Toward a general theory of evolution: Extending Darwinian theory to inanimate matter Addy Pross Though Darwinian theory dramatically revolutionized biological understanding, its strictly biological focus has resulted in a widening conceptual gulf between the biological and physical sciences. In this paper we strive to extend and reformulate Darwinian theory in physicochemical terms so it can accommodate both animate and inanimate systems, thereby helping to bridge this scientific divide. The extended formulation is based on the recently proposed concept of dynamic kinetic stability and data from the newly emerging area of systems chemistry. The analysis leads us to conclude that abiogenesis and evolution, rather than manifesting two discrete stages in the emergence of complex life, actually constitute one single physicochemical process. Based on that proposed unification, the extended theory offers some additional insights into life's unique characteristics, as well as added means for addressing the three central questions of biology: what is life, how did it emerge, and how would one make it?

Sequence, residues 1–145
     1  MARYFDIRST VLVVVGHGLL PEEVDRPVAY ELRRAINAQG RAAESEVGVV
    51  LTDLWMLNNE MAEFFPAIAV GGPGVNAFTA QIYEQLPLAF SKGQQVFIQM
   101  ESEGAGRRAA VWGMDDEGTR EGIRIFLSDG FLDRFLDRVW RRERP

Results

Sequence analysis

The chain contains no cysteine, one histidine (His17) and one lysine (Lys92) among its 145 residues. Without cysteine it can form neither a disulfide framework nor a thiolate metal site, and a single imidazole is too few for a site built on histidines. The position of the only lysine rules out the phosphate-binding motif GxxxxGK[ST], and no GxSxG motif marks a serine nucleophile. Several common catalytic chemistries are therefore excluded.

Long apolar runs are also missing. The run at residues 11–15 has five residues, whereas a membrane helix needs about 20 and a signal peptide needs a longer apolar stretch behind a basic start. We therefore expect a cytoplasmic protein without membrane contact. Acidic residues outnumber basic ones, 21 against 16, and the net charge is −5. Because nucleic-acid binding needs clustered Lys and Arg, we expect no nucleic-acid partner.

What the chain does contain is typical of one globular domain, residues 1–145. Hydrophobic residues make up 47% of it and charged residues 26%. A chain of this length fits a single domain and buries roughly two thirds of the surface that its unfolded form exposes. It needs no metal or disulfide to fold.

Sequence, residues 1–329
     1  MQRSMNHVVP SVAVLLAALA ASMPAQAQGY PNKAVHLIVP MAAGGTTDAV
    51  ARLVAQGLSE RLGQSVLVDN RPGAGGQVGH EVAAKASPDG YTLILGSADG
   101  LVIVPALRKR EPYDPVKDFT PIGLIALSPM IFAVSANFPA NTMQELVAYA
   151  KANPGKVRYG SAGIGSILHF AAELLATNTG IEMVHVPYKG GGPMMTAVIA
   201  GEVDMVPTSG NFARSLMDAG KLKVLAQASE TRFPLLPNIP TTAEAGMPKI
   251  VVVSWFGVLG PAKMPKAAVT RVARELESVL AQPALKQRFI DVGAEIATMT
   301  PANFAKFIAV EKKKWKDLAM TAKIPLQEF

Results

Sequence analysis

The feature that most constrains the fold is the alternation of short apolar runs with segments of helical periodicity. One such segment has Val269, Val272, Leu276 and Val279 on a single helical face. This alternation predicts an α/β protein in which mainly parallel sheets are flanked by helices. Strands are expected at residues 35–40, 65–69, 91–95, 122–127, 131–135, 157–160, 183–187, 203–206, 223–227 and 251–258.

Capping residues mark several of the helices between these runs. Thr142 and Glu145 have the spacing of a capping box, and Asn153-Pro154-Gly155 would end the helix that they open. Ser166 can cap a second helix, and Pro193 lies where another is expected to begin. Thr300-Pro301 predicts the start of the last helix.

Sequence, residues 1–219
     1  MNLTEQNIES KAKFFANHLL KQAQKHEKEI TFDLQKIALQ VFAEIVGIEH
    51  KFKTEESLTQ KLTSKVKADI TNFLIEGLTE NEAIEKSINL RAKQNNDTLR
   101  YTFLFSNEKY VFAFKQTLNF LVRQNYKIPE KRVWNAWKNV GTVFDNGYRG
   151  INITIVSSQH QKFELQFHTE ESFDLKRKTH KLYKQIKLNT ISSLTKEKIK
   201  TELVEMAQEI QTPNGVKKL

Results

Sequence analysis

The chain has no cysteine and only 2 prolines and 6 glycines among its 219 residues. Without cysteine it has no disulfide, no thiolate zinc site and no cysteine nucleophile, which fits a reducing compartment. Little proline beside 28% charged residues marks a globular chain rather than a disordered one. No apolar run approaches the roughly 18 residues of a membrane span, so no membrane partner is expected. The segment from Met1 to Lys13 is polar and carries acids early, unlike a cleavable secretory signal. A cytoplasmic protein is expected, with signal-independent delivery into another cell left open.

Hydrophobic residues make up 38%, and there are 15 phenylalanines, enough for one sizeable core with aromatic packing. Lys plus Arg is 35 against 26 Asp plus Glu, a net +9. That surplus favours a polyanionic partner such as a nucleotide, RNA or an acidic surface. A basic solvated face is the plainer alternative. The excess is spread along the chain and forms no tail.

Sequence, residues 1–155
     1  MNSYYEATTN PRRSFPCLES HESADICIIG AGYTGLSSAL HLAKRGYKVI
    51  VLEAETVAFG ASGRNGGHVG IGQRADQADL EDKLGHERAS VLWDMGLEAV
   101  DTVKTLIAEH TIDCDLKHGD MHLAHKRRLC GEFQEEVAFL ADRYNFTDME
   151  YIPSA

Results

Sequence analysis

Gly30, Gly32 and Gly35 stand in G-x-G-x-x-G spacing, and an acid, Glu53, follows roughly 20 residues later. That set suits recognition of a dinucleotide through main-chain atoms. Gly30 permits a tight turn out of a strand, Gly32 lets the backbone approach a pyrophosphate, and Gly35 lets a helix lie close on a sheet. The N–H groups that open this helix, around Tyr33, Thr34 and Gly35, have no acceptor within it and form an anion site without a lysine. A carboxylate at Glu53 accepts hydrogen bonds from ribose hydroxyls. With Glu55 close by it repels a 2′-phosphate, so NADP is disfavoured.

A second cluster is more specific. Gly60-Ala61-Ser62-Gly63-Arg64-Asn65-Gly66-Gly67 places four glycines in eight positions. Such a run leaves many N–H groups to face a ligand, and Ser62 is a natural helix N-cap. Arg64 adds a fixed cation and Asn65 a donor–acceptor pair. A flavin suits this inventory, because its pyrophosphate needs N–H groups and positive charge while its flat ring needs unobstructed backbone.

It's a paper by a chemist, published in the Journal of Systems Chemistry, but doesn't seem to require much in the way of specialized knowledge in order to read it, have a look. The central idea seems to be something called "dynamic kinetic stability." A stable system is one that doesn't change over time; a dynamic-kinetically stable system is one that doesn't change in some particular features, but only by taking advantage of some other kind of change. The water in a river flows, but what we think of as "the river" remains fairly stable over time; an organism metabolizes, but maintains its structure for an extended period; individuals within a population come and go, while the population itself can be stable. I'm very sympathetic to these kinds of ideas -- they are reminiscent of Chapter Nine of From Eternity to Here. But my first impression is that the synthesis is going in the wrong direction. Biological organisms are made of the same kind of atoms as everything else, subject to the same kind of rules, so it's not surprising to think that their evolution should be described by a theory that also applies to inanimate objects. But (maybe this is my physicist's bias showing) I would tend to reserve "Darwinism" for actual biology, and instead try to develop a general theory of the evolution of complex structures and information that reduced to biological Darwinism in the appropriate circumstances. I'm willing to be talked out of it, though. Thoughts? Especially from anyone familiar with the relevant chemistry or biology?